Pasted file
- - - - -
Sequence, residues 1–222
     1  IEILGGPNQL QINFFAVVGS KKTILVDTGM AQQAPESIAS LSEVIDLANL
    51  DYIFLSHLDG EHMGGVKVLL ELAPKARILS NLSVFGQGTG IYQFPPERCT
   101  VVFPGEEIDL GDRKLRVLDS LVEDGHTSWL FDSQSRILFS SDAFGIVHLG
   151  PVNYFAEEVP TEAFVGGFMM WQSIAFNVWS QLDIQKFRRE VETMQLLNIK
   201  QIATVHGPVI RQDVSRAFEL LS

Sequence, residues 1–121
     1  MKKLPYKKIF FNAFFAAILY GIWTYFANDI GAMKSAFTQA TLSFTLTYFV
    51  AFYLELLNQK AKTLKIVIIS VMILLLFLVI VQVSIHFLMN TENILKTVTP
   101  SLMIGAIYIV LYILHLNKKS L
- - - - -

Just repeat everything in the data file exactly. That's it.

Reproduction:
Sequence, residues 1–222
     1  IEILGGPNQL QINFFAVVGS KKTILVDTGM AQQAPESIAS LSEVIDLANL
    51  DYIFLSHLDG EHMGGVKVLL ELAPKARILS NLSVFGQGTG IYQFPPERCT
   101  VVFPGEEIDL GDRKLRVLDS LVEDGHTSWL FDSQSRILFS SDAFGIVHLG
   151  PVNYFAEEVP TEAFVGGFMM WQSIAFNVWS QLDIQKFRRE VETMQLLNIK
   201  QIATVHGPVI RQDVSRAFEL LS

Sequence, residues 1–121
     1  MKKLPYKKIF FNAFFAAILY GIWTYFANDI GAMKSAFTQA TLSFTLTYFV
    51  AFYLELLNQK AKTLKIVIIS VMILLLFLVI VQVSIHFLMN TENILKTVTP
   101  SLMIGAIYIV LYILHLNKKS L